And just what is it about snow, anyway, that makes it so bloody special that someone moaning about it is branded ‘judgemental’ or, possibly, a miserable old git/gitess purely and simply because he or she doesn’t like it very much and thinks that people who do are possibly failing to see the bigger picture and cost? What’s snow got that sunshine, rain and wind haven’t?

Sunshine is lovely stuff: flowers and other flora reach out to covet it, feeding themselves and us in the process and just generally making us feel good with their lovely colours and smells and flavours. Sunshine provides light in the daytime and reflected light at night, and sometimes paints the skies in ways that would shame the greatest painters who have ever lived. Despite this, nobody ever complains if at the height of summer I puff a bit and moan ‘‘ot, ennit?’. Lovely stuff, sunshine, I like it a lot.

Beautiful water is the source of all life. Without it out planet would be a dust bowl. It has, as rain, a job to do and does it very effectively, keeping us and everything else that lives on the planet alive and providing homes for countless billions of creatures that swim, float and nest on, in and around it. And nobody ever complains if I grumble a bit when it rains on my barbecue, despite all these wonderful gifts it showers (oh dear oh dear again) upon us.  Beautiful stuff, rain, I like it a lot.

If I’m honest, I’m not so keen on wind, especially if it’s a keen wind (*ouch*). It’s a bugger with a brolly, and while it’s good for flying kites and sailing sailing dinghies (oh look, PetuniaPetunia…) those are not pastimes I frequently indulge in, so they have little relevance for me. Regardless of my disinclination towards wind, though, I can appreciate the many benefits it bestows when blowing seeds and spores hither and yon, working in partnership with the lovely sun and beautiful rain to provide us with food and energy. Great stuff, wind, and in the context of the bigger picture I like it a lot.

Snow, of course, does have its place and role. One thing it’s very, very good at is reflecting heat back up into the sky and stopping our planet from overheating. It may very well be, if we don’t think of another way of buggering everything up even more quickly, that the disappearance of ice at the extreme poles of our planet will mean an end to life as we know it (i.e. in relation to our own selfish selves, the only kind of life we seem to consider in any way important despite all the evidence that we’re effectively short-sighted parasites determined to destroy our own host), which would be a bit of a bugger really. It’s also rather good at preserving sossidges and stuff in the back of my freezer, and I’m all for a bit of sossidge or the occasional pork chop.

Thing is, though, outside of my freezer (or anyone else’s, come to that) the presence of snow and ice in the UK is not generally a good thing. As the polar icecaps melt we will see more extreme weather, both in terms of rising temperatures and, paradoxically, frosts and cold. Cheering for and hoping for more snow in the UK is actually an endorsement of global warming: a direct vote for increased erosion of the polar icecaps and the destruction of the habitats of the animals and people living there.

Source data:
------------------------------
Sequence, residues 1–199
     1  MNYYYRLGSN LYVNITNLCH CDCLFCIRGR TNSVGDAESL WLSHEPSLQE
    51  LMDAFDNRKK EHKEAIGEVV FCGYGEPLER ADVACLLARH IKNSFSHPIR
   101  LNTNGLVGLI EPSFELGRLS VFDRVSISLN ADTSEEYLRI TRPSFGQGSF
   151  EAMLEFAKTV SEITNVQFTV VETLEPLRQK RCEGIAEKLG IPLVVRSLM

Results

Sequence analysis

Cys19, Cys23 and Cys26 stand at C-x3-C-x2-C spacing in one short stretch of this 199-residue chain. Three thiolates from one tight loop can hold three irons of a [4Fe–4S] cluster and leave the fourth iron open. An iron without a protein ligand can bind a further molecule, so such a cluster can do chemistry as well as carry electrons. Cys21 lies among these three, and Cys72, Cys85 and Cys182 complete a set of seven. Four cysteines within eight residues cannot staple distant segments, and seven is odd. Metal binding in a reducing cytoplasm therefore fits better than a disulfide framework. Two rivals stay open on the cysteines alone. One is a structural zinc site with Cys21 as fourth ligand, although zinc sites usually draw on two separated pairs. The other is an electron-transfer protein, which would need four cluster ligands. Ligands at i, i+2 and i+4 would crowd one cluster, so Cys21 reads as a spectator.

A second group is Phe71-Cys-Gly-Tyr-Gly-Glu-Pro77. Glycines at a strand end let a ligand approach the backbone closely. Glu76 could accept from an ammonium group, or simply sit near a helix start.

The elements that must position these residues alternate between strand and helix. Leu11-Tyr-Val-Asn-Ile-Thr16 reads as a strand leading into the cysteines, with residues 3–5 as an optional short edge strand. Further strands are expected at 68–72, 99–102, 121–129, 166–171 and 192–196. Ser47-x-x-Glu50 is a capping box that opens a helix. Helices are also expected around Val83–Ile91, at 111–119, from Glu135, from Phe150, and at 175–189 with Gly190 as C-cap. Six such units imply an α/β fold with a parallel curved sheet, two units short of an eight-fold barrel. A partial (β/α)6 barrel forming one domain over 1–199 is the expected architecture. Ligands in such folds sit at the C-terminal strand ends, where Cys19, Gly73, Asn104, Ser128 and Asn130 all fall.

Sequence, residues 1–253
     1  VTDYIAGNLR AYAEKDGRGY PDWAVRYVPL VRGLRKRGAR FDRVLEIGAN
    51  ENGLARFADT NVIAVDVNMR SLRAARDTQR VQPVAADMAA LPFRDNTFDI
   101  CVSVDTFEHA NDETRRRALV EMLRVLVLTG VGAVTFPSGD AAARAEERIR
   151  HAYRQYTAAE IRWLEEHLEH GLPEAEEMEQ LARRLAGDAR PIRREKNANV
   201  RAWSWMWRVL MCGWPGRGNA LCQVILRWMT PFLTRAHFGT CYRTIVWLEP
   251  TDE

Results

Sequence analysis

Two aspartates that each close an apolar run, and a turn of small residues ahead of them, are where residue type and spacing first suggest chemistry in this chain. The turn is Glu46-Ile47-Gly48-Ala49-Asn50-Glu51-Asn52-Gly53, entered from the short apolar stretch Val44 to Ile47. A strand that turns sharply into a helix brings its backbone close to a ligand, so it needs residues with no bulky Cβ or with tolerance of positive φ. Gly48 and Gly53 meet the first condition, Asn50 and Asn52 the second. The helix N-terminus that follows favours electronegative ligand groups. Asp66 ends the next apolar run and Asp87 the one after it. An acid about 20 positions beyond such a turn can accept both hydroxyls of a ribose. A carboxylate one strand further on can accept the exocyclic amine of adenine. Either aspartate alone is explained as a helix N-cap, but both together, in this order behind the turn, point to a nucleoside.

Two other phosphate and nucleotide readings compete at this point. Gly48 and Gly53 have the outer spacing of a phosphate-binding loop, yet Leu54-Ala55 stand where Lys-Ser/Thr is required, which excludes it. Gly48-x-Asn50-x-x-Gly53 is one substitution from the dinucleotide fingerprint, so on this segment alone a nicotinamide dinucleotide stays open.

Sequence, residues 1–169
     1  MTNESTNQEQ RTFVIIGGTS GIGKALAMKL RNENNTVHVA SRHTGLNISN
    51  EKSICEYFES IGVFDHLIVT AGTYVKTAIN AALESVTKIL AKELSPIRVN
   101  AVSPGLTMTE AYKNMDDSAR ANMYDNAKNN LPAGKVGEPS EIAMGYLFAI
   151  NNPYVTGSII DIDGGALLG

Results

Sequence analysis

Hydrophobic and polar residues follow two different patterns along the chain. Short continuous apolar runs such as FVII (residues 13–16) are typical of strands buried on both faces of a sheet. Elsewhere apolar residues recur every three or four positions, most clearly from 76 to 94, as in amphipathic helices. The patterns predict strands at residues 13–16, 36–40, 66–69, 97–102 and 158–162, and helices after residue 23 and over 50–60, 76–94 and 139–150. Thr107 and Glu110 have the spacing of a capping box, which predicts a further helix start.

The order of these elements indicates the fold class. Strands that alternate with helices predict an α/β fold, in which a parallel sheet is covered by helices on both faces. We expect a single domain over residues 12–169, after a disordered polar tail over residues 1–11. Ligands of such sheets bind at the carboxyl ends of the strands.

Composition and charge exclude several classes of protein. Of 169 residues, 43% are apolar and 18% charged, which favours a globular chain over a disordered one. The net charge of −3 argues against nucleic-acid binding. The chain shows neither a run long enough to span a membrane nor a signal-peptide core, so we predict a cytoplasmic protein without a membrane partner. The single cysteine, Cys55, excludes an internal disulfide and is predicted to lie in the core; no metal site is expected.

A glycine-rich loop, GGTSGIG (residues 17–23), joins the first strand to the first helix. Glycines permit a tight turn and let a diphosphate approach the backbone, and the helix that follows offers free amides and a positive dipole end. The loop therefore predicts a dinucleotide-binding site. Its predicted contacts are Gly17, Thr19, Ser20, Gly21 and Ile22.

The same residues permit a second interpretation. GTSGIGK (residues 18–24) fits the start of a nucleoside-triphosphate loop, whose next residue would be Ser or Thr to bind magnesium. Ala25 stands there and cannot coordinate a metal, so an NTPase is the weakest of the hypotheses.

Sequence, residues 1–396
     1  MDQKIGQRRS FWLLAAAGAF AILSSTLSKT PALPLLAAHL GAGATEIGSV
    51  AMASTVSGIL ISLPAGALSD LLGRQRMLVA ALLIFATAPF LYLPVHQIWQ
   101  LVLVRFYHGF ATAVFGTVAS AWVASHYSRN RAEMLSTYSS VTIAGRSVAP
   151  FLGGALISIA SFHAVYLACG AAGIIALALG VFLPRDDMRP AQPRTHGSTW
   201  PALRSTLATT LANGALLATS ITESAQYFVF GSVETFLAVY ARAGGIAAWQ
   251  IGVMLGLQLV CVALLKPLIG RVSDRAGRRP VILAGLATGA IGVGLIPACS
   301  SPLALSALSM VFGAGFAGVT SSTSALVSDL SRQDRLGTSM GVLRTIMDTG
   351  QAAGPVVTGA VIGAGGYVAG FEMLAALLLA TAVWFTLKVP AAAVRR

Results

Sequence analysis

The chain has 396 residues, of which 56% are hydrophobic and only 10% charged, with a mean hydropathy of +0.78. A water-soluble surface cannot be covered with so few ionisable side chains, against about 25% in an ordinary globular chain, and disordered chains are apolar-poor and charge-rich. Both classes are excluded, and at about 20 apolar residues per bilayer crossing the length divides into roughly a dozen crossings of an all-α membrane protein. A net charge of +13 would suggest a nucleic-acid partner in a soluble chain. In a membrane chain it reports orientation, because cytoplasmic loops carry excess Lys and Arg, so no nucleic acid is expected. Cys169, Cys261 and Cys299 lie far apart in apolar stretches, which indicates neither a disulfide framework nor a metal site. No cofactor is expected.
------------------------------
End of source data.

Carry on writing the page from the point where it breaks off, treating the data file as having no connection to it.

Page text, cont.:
So is it so selfish of me not to like it? Is it so unreasonable and so ‘judgemental’ to hope that it just stays where it’s supposed to be, and doesn’t come blowing its way up my back passage too often or too forcefully? I hope not, because I’m not generally a selfish person and I like to think that I’m pretty non-judgemental on the whole.

For anyone who did get out in the snow on Sunday I hope you had lots of fun and enjoyed the hot chocolate and warm in front of the fire afterwards as much as my son did. For anyone like me, though, who thought of it and the cold snap surrounding it mostly in negative terms I hope you feel reassured by this blog that you are not alone. Who knows, given time we dissenters may, like other minority groups, reach a point where we can speak openly and freely about how we feel without being judged as judgemental or poo-pooed as party poopers…

Snow bashers of the world unite; you have nothing to lose but your (snow) chains…

snowman

Oh… an Advent Calendar of Christmas themed stuff from myself and my friends at the Tunbridge Wells Writers…

full calendar

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8 thoughts on “Why I’m NOT Dreaming of a White Christmas…”

    1. Yep – it should snow for two hours a year on Christmas morning, settling for just long enough to build a snowman, have a snowball fight and ride a sledge for a while. The the sun should come out and melt it cleanly away! Not too much to ask, is it? Thanks for comment 🙂

  1. Well written and soon to be relevant again I fear. From one misery guts to another I wholeheartedly agree, especially as among the government cuts in my region is a reduction in the gritting of roads. I’m not saying snow doesn’t make a very pretty picture, freshly lain and glistening white, but the sludgy icy aftermath is lethal in my opinion! A big yay for sossidges though 🙂

  2. Such an insightful and beautifully written piece! I confess to a shiver of excitement when I see snow in the forecast, but it’s to be expected around these parts 🙂 #PoCoLo

    1. Yep – been checking out your blog and it looks kinda Frosty over there! I hope you get the snow you’re craving… Technically, of course, snow in the UK IS part of our weather pattern… it’s just for so few days each year we’ve never got used to it and are absolute crap at dealing with it. “There’s no such thing as bad weather. Just wrong clothing.” Thanks for comment 🙂